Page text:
Postpartum Depression

Postpartum Depression: Randomized non-invasive sham-controlled pilot trial of electroacupuncture

Author: Chung KF, Yeung WF, Zhang ZJ, Yung KP, Man SC, Lee CP, Lam SK, Leung TW, Leung KY, Ziea ET, Taam Wong V.

Location: Department of Psychiatry, University of Hong Kong, Hong Kong, SAR, China.

Abstract

Background
Postpartum depression affects 10–15% of mothers. Although acupuncture was efficacious for major depressive disorder in pregnancy and in women outside the perinatal period, there has been no randomized controlled study on the feasibility, tolerability, and efficacy of acupuncture for postpartum depression.

Methods
This was a randomized, subject- and assessor-blind, parallel-group, sham-controlled trial. Twenty women within six months postpartum with DSM-IV-diagnosed major depressive disorder of mild severity, defined as a 17-item Hamilton Depression Rating Scale (HDRS17) score of 12 to 19, were randomly assigned to either electroacupuncture or non-invasive sham acupuncture two sessions weekly for four weeks.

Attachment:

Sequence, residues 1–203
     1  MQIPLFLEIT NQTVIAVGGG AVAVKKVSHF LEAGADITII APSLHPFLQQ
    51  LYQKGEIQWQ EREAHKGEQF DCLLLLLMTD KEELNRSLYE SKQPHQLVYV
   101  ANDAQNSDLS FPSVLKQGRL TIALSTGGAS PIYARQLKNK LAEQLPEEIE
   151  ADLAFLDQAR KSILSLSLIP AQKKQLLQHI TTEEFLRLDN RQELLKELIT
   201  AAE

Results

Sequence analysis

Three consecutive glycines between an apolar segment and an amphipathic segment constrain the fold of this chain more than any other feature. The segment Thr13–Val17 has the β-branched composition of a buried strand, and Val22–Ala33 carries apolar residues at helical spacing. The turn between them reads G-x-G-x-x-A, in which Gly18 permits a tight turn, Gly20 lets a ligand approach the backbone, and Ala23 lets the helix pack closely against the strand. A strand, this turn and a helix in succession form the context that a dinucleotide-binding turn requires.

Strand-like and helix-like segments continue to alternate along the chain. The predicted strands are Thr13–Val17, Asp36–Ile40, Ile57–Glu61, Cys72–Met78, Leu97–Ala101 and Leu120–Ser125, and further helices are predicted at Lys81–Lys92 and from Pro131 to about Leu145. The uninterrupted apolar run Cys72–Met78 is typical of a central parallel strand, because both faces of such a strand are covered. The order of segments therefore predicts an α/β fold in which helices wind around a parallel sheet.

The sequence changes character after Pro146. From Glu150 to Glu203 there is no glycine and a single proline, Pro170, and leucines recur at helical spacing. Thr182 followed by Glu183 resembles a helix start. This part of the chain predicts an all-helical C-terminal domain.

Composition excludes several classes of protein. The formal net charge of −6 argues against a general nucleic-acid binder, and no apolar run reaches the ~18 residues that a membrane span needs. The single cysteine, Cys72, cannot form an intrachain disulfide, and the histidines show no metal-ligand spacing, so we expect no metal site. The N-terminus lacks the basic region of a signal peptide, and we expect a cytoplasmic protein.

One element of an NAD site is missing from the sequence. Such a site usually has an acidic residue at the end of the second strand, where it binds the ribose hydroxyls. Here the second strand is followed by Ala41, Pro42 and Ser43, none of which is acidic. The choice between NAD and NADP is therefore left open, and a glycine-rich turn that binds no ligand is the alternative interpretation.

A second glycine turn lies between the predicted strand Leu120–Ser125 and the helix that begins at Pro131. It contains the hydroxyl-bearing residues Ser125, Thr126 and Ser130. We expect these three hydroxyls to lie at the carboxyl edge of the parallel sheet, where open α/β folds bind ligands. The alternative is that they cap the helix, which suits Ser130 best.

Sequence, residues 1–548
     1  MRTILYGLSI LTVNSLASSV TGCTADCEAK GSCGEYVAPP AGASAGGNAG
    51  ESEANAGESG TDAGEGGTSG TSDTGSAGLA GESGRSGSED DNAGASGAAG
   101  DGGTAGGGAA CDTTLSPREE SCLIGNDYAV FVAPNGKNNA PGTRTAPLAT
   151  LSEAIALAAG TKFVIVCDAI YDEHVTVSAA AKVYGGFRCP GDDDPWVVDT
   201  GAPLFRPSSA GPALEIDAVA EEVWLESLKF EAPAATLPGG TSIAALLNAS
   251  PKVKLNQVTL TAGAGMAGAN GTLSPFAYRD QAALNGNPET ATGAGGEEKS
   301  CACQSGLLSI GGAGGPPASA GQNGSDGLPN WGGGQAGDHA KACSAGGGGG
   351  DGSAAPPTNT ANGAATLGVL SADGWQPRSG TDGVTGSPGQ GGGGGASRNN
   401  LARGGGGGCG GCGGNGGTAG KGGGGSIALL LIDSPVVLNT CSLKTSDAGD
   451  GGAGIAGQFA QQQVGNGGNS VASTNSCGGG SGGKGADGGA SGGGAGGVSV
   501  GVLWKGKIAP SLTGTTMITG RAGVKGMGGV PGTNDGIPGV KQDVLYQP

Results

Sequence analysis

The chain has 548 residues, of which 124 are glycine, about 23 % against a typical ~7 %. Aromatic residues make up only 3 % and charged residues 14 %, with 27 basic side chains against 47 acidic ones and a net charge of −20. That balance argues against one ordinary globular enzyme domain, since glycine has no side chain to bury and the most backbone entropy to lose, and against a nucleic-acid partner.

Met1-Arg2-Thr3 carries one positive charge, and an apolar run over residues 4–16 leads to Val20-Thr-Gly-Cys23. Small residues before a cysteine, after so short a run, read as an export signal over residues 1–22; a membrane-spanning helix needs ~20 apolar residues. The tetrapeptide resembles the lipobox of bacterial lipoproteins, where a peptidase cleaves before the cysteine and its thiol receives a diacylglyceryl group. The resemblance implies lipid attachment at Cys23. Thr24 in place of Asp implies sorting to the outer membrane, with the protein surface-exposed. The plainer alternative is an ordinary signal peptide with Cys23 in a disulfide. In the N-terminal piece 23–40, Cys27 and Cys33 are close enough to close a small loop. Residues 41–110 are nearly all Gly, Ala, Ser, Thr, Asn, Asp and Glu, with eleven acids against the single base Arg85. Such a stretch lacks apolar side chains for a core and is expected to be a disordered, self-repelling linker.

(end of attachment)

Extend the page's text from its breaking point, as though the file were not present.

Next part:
Results
There was significant reduction in HDRS17 score from baseline to 4-week posttreatment in both groups, with an effect size 1.4 and 1.8 for electroacupuncture and sham acupuncture, respectively. Improvement was observed as early as two weeks after commencing acupuncture. The response and remission rate in the electroacupuncture group at 4-week posttreatment was 33% and 44%, respectively; for the sham acupuncture group, it was 60% and 50%, respectively. There was no significant between-group difference in all outcome measures, including the HDRS17, Edinburgh Postnatal Depression Scale, Hospital Anxiety and Depression Scale, Clinical Global Impression, and Sheehan Disability Scale. Treatment credibility, success of blinding, and adverse events were similar between groups.

Limitation
Small sample size and high attrition rate. No waiting list observation group.

Conclusion
Both electroacupuncture and non-invasive sham acupuncture were effective for postpartum depression. Further studies utilizing larger sample size, better recruitment strategies, and home-based acupuncture treatment are warranted.

 

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